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Peripheral nerve abnormality in HIV leprosy patients.

By Marilia Brasil Xavier, Mariana Garcia Borges do Nascimento, Keila de Nazare Madureira Batista, Danusa Neves Somensi, Fernando Octavio Machado Juca Neto, Thomaz Xavier Carneiro, Claudia Maria Castro Gomes and Carlos Eduardo Pereira Corbett

Abstract

BACKGROUND:The geographical overlap of HIV (human immunodeficiency virus) and leprosy infection has become increasingly frequent and worrying, bringing many clinical issues. Peripheral neuropathy is very frequent in leprosy because of the predilection of its etiologic agent by Schwann cells of the peripheral nervous system, and it also affects individuals with HIV as one of the most common neurological manifestations. METHODOLOGY/PRINCIPAL FINDINGS:The present study compared a cohort of 63 patients diagnosed with leprosy and coinfected with HIV with a cohort of 64 patients with leprosy alone, who were followed at the outpatient clinic of the Nucleus of Tropical Medicine of the Federal University of ParĂ¡, Brazil. We observed that HIV-coinfected leprosy patients presented greater odds of overall peripheral nerve damage (nerve function impairment-NFI) than patients with leprosy alone. More sensitive damage was observed, especially in patients coinfected with multibacillary forms. Leprosy patients coinfected with HIV presented higher chances of motor damage with improvement over time using multidrug therapy (MDT) and highly active antiretroviral therapy (HAART), along with a greater extent of damage and occurrence of neuritis. The data suggest that in addition to patients presenting possible damage caused by leprosy, they also had a greater damage gradient attributable to HIV disease, but not related to HAART because most of these patients had been on the treatment for less than a year. Neuritis was treated with prednisone at doses recommended by the WHO, and coinfected patients had the highest rate of clinical improvement in the first 60 days. CONCLUSIONS/SIGNIFICANCE:The clinical characteristics of the two diseases should be considered in leprosy patients coinfected with HIV for better diagnosis and treatment of peripheral neuropathy. We suggest that new simplified assessment tools that allow the evaluation of the NFI of these patients be developed for use in the service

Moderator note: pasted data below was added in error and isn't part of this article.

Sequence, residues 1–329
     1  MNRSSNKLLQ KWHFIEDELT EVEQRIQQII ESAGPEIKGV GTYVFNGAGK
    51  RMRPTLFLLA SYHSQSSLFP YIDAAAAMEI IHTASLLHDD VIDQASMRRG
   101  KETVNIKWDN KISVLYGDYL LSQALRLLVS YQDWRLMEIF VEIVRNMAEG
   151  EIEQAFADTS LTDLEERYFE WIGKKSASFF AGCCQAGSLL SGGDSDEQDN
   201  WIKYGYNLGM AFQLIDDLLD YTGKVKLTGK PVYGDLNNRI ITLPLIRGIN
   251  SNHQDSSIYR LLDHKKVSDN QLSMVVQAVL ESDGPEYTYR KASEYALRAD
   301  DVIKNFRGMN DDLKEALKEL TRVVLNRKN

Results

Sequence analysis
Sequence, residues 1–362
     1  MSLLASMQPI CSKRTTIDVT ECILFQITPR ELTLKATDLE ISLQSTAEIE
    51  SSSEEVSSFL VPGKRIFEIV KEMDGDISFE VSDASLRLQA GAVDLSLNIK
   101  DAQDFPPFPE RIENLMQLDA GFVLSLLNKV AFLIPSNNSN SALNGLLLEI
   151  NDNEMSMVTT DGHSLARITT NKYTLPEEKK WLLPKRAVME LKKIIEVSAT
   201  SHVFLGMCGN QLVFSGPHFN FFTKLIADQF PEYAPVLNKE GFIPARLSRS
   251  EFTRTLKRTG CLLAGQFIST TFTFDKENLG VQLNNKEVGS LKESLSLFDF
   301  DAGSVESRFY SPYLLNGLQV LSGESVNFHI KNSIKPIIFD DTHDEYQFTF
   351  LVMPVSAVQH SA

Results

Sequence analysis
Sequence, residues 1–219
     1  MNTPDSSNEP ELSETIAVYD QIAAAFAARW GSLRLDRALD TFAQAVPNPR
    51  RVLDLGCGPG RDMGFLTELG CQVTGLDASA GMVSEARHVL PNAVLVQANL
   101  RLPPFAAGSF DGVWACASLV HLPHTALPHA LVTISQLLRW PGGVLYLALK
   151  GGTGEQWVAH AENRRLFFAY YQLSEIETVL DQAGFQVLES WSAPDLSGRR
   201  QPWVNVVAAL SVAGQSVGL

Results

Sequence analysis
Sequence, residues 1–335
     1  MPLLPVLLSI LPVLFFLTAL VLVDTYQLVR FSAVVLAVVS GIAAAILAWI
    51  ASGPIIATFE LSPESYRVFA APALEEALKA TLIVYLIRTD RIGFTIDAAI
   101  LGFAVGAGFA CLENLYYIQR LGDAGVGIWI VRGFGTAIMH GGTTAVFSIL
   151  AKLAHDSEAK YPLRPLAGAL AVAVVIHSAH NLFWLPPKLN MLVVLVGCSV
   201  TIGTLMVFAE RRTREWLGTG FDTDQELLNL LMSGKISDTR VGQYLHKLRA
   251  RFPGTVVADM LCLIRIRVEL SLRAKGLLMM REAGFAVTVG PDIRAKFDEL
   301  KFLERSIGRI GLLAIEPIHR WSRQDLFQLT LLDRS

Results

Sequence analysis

Topics: Arctic medicine. Tropical medicine, RC955-962, Public aspects of medicine, RA1-1270
Publisher: Public Library of Science (PLoS)
Year: 2018
DOI identifier: 10.1371/journal.pntd.0006633
OAI identifier: oai:doaj.org/article:0fd09a38286549889d151f772def72ac
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